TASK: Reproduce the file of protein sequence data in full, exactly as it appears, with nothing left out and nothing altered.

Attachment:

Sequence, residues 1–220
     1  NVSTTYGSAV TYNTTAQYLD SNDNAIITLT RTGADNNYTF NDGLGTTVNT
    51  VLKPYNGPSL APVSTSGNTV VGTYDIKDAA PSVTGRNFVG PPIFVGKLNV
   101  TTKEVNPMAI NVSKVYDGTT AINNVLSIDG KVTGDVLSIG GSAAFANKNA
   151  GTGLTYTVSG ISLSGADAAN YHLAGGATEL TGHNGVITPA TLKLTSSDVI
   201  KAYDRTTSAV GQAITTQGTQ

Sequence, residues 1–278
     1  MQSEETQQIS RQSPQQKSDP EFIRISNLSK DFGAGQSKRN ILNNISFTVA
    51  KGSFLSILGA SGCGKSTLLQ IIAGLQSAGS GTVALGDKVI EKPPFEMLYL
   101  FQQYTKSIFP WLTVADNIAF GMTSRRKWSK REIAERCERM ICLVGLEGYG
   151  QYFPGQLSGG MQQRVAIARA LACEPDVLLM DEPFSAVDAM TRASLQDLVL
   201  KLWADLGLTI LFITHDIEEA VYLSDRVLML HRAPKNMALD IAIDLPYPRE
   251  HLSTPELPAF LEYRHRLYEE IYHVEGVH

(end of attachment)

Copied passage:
Sequence, residues 1–220
     1  NVSTTYGSAV TYNTTAQYLD SNDNAIITLT RTGADNNYTF NDGLGTTVNT
    51  VLKPYNGPSL APVSTSGNTV VGTYDIKDAA PSVTGRNFVG PPIFVGKLNV
   101  TTKEVNPMAI NVSKVYDGTT AINNVLSIDG KVTGDVLSIG GSAAFANKNA
   151  GTGLTYTVSG ISLSGADAAN YHLAGGATEL TGHNGVITPA TLKLTSSDVI
   201  KAYDRTTSAV GQAITTQGTQ

Sequence, residues 1–278
     1  MQSEETQQIS RQSPQQKSDP EFIRISNLSK DFGAGQSKRN ILNNISFTVA
    51  KGSFLSILGA SGCGKSTLLQ IIAGLQSAGS GTVALGDKVI EKPPFEMLYL
   101  FQQYTKSIFP WLTVADNIAF GMTSRRKWSK REIAERCERM ICLVGLEGYG
   151  QYFPGQLSGG MQQRVAIARA LACEPDVLLM DEPFSAVDAM TRASLQDLVL
   201  KLWADLGLTI LFITHDIEEA VYLSDRVLML HRAPKNMALD IAIDLPYPRE
   251  HLSTPELPAF LEYRHRLYEE IYHVEGVH